POster For A Few Dollars MoreFor a Few Dollars More (1965)

In the second of the Dollar trilogy, Eastwood returned as The Man With No Name, playing a poncho-wearing silent killer with an unlit cigarillo clenched between his teeth.

In other words, just like the character he played in A Fistful of Dollars, although for some reason he’s called Monco, not Joe. Other than that it’s business as usual.

This time round though, Eastwood is joined by veteran Hollywood Western actor Lee Van Cleef, playing a pipe-smoking bounty hunter, Colonel Douglas Mortimer, who competes with Eastwood in the killing stakes. As A Fistful of Dollars did with Clint, this film finally propelled Van Cleef into much deserved popularity and stardom and boy, did he make the most of it.

The real star of the film, however, is Gian Maria Volonte, reprising his psycho Mexican bandit performance from A Fistful of Dollars, as Indio.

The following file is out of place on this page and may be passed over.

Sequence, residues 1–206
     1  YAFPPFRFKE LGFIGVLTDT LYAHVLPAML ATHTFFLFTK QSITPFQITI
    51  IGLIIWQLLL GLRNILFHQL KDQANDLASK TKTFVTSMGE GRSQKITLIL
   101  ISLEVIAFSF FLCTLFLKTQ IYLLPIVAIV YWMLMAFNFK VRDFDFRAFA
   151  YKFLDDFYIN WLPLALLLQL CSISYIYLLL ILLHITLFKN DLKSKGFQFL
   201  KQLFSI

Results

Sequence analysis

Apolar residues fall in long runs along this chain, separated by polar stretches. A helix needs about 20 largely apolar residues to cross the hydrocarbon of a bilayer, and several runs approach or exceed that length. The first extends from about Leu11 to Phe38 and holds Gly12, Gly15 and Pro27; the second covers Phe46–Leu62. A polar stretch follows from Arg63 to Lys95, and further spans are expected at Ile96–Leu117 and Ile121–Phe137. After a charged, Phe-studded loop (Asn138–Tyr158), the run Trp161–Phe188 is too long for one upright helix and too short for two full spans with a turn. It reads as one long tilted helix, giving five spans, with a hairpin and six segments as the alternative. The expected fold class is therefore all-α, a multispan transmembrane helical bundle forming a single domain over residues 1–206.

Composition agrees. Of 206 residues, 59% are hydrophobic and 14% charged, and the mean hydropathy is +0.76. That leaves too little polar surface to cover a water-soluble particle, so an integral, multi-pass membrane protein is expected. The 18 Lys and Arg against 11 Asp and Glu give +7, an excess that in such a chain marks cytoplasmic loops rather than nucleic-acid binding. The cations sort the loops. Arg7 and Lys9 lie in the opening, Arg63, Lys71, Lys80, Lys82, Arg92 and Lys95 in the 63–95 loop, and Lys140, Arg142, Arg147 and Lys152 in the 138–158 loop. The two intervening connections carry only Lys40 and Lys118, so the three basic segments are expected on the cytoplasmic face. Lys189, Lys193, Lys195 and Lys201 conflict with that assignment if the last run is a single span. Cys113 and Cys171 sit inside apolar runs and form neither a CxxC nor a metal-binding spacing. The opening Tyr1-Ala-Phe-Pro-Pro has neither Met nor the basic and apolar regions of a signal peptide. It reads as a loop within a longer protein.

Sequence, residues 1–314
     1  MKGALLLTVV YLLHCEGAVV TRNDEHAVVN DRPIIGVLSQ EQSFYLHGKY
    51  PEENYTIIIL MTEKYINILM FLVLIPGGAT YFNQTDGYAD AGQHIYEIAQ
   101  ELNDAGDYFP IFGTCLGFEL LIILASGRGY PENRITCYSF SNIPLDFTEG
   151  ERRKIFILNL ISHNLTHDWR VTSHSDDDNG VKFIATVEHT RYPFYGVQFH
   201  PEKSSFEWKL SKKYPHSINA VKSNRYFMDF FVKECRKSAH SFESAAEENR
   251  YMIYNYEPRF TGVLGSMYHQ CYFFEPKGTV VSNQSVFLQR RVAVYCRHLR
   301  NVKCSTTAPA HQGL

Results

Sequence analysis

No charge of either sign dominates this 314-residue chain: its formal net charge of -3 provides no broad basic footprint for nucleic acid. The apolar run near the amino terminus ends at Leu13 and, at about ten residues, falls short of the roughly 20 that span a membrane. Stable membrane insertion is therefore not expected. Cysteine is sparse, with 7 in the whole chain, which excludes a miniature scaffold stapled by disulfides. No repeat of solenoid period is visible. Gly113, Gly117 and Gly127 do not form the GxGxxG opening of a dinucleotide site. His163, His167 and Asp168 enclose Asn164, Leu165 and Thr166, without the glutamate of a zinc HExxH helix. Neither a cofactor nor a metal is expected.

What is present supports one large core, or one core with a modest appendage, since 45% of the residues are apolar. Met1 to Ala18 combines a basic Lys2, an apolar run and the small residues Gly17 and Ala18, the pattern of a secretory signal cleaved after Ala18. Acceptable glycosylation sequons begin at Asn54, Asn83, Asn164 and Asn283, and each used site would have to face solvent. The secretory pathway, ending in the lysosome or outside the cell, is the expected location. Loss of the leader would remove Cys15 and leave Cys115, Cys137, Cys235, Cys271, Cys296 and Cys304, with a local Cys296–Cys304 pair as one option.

If possible he’s even nastier than he was in the first film, smoking dope to calm his nerves whilst reminiscing on the time he raped a young woman who subsequently killed herself.

The scene in which he forces a man to listen whilst his wife and young child are murdered to the accompaniment of a stolen timepiece – musical chimes courtesy of Ennio Morricone – before then shooting the unfortunate husband is genuinely chilling to watch.

You’re just aching for the moment for Indio to get his just desserts, which he finally does at the end of this 2 hour 12-minute opus.

My favourite moment in the movie is when Van Cleef strikes a match on Klaus Kinski’s bearded cheek, Kinski playing a hunchbacked gang member called Wild.

In response to this outrage he sweats and twitches like a long-tailed cat in a room full of rocking chairs (that was the least offensive metaphor I could find). If twitching and sweating were an Olympic sport, then Kinski would take win gold every single time. Despite this obvious talent, Van Cleef eventually shoots him anyway.